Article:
The attacks altered the thinking in a lot of areas, but Congress has yet to agree on a path to immigration reform. Instead, it created the Department of Homeland Security (DHS) to, in part, oversee immigration through three newly formed agencies: US Customs and Border Protection, Immigration and Customs Enforcement (ICE) and US Citizenship and Immigration Services (USCIS). USCIS is responsible for documenting alien employment authorization (the I-9) and running the E-Verify program, while ICE is responsible for enforcing I-9 compliance. Other divisions within DHS are meant to ensure that these provisions are not applied by businesses or the government in a discriminatory manner.

The introduction and reintroductions of the DREAM Act over time have, however, produced an unofficial consensus that undocumented immigrants who graduate from American high schools and attend college or join the military should be granted a path to citizenship. President Obama bolstered this value with executive orders effectively delaying the deportation of such people.

Immigrant visas are still limited, but immigrants generally become eligible for citizenship after five years of legal residence unless they were admitted through temporary work permit or student visa, neither of which provides a path to citizenship. Illegal immigration peaked at over one million in 2000 but is thought to have declined by half by 2009.

So Where Does that Leave Us?

Employment in the US is considered the magnet that draws illegal immigrants, so the theory is that they will not come if they cannot work. Employer sanctions are therefore designed to make cheaper labor less attractive than compliance. This paradigm forms the basis for the regulatory plan that resulted in the I-9. By making employers liable for hiring undocumented workers, fear of punishment for noncompliance is what prevents these workers from attaining the financial means to remain in this country, and, the government hopes, deters others from entering illegally.

The I-9 form requires the employer to scrutinize the prospective employee’s identity papers. Employers need to check for two things: (1) to verify that this person reasonably appears to be who he or she purports to be and (2) to confirm that he or she can document an immigration or citizenship status that permits eligibility to work in the United States. By requiring that employers do so within three days, the government is ensuring that employers do not let this step fall through the cracks. By requiring a signature, the government is encouraging employers to be thorough in their examination of the presented documents and honest in their assessment under threat of perjury charges. By requiring employers to retain a form containing unexpired documentation for each employee, the government is holding them accountable for ongoing verification that the employee remains eligible to work in the U.S. Employers are, therefore, on the frontlines of executing this policy.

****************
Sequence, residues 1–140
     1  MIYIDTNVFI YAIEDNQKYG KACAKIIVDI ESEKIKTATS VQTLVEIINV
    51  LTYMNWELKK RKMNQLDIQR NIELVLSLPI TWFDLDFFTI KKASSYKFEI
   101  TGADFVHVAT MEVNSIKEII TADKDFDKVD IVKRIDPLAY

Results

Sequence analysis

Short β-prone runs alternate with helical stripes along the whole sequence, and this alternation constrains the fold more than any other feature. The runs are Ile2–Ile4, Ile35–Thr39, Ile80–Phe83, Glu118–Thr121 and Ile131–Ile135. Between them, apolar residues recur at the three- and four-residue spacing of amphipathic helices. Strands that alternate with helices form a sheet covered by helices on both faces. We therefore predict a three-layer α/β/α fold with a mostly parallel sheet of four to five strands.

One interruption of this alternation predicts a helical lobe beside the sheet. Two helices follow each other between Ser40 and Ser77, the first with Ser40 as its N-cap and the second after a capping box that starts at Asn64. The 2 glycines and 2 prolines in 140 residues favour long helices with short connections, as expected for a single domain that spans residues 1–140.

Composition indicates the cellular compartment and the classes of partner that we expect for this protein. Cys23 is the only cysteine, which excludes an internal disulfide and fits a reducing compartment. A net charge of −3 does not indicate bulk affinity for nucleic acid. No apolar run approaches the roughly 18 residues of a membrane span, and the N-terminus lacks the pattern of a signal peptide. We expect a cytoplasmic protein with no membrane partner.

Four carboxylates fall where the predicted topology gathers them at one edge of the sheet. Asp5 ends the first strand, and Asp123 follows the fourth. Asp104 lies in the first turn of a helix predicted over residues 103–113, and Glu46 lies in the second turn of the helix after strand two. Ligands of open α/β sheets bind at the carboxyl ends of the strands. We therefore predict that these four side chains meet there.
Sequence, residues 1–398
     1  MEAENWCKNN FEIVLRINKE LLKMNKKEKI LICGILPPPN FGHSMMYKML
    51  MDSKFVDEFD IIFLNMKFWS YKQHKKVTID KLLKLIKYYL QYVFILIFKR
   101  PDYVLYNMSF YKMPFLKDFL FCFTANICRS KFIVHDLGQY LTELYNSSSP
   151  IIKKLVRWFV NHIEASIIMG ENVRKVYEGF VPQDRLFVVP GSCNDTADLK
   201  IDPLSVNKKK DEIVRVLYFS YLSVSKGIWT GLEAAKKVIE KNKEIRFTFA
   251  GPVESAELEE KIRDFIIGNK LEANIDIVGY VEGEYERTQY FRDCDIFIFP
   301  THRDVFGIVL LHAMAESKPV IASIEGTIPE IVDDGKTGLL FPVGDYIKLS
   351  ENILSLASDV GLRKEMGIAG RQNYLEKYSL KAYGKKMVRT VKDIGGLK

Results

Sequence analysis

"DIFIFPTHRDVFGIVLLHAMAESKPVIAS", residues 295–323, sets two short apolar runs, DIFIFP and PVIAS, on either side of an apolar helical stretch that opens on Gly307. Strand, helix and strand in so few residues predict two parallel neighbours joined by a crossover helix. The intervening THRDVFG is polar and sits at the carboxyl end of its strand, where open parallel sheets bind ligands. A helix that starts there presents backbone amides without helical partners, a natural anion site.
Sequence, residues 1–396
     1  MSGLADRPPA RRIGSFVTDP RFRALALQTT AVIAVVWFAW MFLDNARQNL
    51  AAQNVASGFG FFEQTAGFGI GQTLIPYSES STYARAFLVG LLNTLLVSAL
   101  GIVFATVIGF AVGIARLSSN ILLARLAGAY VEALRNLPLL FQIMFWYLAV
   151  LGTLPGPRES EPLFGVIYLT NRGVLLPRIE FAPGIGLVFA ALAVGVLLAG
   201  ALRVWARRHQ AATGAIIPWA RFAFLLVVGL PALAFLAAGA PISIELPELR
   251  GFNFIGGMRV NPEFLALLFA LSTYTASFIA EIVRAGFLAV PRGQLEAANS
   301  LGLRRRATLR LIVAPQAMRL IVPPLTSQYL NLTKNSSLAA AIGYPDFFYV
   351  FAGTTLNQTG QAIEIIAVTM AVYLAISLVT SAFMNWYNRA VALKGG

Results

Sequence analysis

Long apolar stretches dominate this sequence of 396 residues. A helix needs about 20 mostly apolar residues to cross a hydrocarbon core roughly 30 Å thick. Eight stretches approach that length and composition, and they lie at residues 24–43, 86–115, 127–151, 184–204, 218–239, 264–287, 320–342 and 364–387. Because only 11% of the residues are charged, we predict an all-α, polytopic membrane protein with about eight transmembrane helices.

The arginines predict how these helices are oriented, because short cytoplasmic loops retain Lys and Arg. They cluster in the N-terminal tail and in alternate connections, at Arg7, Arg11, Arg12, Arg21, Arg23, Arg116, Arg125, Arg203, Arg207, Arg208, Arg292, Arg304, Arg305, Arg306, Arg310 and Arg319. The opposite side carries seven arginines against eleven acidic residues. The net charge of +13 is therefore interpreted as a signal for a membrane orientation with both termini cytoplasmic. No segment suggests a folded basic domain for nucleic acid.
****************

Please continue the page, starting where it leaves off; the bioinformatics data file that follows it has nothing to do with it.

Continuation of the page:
Regardless of an employer’s position on the various issues that make up immigration policy, ICE’s surge in enforcement actions and promise to expand them even further is the reality. The current administration continues to commit unprecedented amounts of resources to enforce existing immigration and employment laws. This means that the government is watching employers closely and won’t hesitate to investigate for any reason. If ever there were a good time to reevaluate I-9 compliance procedures so a business can survive an audit unscathed, it is now.

2019 Primer To the Immigration and I9 Compliance Laws

FY 2018 saw the number of Immigration and Customs Enforcement (ICE) worksite investigations quadruple, so it’s a good time to consider how to be compliant with immigration laws and I-9s in 2019. The federal government is actively seeking companies that employ undocumented workers as a means of rooting out existing illegal immigration and deterring it in the future. The idea is that they will not come if they cannot work, and employers represent the main line of defense. ICE doesn’t need an excuse to check on whether you’re doing your part—agents may knock on your door for any reason.

Every indication is that this surge in enforcement will continue. ICE received over 12% of the Department of Homeland Security’s entire budget for FY 2019, and folded into this budget is funding for 3,312 additional staff to handle the increased caseload. At the same time, E-Verify received $131.9 billion to upgrade systems in preparation for making it mandatory for all businesses across the nation. The pressure isn’t letting up, and all you can do is be prepared when the auditors arrive. It’s a good time to tighten up procedures, and working with a knowledgeable partner to guide you in performing a self-audit is an ideal place to start. A self-audit can identify holes in the I-9 compliance process and give you notice to fill them before it’s too late.